News and information from Ukraine

Shipments from Kiev, Ukraine, provided by Forbes Ukraine editorial team.

As Russia’s attack on Ukraine continues and the war rages on, reliable sources of information are essential. Forbes Ukraine journalists will continue to gather information and provide updates on the situation. We will share them here as we go. Live coverage of The Forbes Ukraine website can be found here.

By Daryna Antoniuk


A fire broke out at the Zaporizhzhia nuclear power plant after a bombing at Energodar, in the Zaporizhzhia region, according to the mayor of Energodar Dmytro Orlov.

Nearly 875,000 people fled Ukraine last week – most of them went to Poland, Hungary, Slovakia, Romania and Moldova.

President Volodymyr Zelensky has called on NATO to declare a no-fly zone in the skies over Ukraine. “How many more Ukrainians have to be injured for this decision to be made,” he asked. Another option, according to Zelensky, is to give Ukraine a plane.

Ukraine is unhappy with the result of the second round of talks with Russia, according to Ukrainian presidential adviser Mykhailo Podolyak. The teams will meet for a third round.

Ukraine and Russia have agreed to provide humanitarian corridors to evacuate civilians and deliver food and medicine to areas where the fighting is heaviest.

The Ukrainian comedy series “Servant of the People”, starring Volodymyr Zelensky, became a worldwide hit. Countries are increasingly snapping up the rights to the series, according to Bloomberg.

Russia hacked the websites of some regional authoritiesposting a false message about Ukraine’s alleged “surrender and signing of a peace treaty with Russia”.

Russian troops shelled a hospital in Zaporizhzhia – three Ukrainians died.

Nearly 55% of Ukrainians blame the Russian government for the war against Ukraine, while 38% blame the government and the people of Russia, according to a poll by the social group Rating.

Ukraine will receive a total of 15 billion dollars in aid from international organizations and foreign countries, according to the head of the National Bank, Kirill Shevchenko.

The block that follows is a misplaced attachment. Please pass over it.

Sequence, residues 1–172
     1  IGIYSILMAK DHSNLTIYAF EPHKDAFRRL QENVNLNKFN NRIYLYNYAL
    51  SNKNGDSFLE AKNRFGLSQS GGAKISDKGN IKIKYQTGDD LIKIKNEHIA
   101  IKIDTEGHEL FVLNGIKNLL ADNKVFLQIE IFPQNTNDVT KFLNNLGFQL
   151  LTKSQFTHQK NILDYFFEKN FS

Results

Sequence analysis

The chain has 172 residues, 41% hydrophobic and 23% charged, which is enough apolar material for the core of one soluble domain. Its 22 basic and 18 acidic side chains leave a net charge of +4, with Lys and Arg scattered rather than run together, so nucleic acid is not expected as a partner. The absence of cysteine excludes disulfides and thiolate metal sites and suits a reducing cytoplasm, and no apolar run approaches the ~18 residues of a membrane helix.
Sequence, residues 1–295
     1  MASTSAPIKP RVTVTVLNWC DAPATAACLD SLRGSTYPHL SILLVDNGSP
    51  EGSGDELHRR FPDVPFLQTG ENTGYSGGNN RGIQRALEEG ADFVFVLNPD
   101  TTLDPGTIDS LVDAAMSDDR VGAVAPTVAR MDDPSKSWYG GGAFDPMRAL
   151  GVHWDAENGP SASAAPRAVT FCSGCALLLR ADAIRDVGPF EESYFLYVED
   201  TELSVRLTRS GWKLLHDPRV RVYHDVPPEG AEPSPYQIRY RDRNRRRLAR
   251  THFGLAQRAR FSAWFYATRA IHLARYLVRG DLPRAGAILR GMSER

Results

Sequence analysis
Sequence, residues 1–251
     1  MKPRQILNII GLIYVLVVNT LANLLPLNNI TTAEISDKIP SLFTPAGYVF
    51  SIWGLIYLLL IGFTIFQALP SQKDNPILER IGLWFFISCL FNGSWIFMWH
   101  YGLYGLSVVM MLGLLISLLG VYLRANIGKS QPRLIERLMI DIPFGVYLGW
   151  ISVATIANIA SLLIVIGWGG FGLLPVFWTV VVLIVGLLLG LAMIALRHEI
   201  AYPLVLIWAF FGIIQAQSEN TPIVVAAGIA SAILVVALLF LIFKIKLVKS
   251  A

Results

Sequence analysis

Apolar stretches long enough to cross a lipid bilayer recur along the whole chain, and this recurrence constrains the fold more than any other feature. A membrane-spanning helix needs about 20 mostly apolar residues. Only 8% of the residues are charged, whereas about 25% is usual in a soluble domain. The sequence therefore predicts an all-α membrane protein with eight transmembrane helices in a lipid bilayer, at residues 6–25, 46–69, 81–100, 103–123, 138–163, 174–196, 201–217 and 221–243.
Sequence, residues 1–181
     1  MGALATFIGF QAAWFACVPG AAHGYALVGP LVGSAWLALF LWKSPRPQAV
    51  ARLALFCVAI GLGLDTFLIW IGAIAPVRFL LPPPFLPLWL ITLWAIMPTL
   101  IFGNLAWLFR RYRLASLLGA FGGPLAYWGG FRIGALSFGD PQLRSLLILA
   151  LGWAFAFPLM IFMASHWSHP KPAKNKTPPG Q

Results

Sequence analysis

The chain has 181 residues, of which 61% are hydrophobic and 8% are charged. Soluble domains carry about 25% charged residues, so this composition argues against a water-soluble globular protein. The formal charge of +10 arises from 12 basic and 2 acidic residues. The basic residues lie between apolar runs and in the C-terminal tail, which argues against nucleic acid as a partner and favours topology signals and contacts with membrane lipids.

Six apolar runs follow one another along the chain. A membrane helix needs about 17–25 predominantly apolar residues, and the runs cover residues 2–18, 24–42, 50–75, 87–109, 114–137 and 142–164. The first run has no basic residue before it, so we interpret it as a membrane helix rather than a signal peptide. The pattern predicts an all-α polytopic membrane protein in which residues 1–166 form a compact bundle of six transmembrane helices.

Ukrainian air defenses shot down a Russian Sukhoi Su-30 fighter jet near Kyiv.


The National Bank of Ukraine will not change the key rate due to the war. Since January 21, 2022, the NBU’s key interest rate has been 10% per annum. The policy rate determines all other interest rates in the Ukrainian economy, which, in turn, influences economic growth and inflation.

Regional News

About 3,000 people remain in the frontline town of Volnovakha in the Donetsk regionheavily attacked by Russian troops on March 3. In 2021, the population of Volnovakha was almost 21,000 people.

The city was badly damaged by fighting, airstrikes and artillery fire from the Russian army. It has no water or electricity.

Russian troops head for a nuclear power plant in the eastern region of Zaporizhzhia.

The Russian army attacked a television studio and a television center in Kherson and cut off the TV signal.

At least 33 people were killed and 18 were injured in airstrikes in Chernihiv the 3 of March. Many apartment buildings were damaged – windows shattered, walls and ceilings destroyed.

Russian troops bombard Kharkiv again; they destroyed houses and an airfield.


Russia will likely impose martial law on March 4, according to the Ukrainian Center for Defense Strategies, in hopes of preventing possible mass protests against the war. The Kremlin, however, denies plans to declare martial law in the country.

Nearly 90% of Russian troops that were stationed around Ukraine have now entered Ukraine – they still want to take over Kiev, according to the White House. Since February 24, Russia has launched more than 480 missiles.

Russian invasion could lead to biggest wheat shortage in history and nothing can be done immediately to prevent it, according to Scott Irwin, an agricultural economist at the University of Illinois.

From the morning of March 3, Russia’s losses in the war with Ukraine increased to 9,000 troops, 217 tanks, 900 armored fighting vehicles, 30 aircraft and other equipment.

Meanwhile, Russian President Vladimir Putin has said the war with Ukraine is “going as planned”.

About John A. Provost

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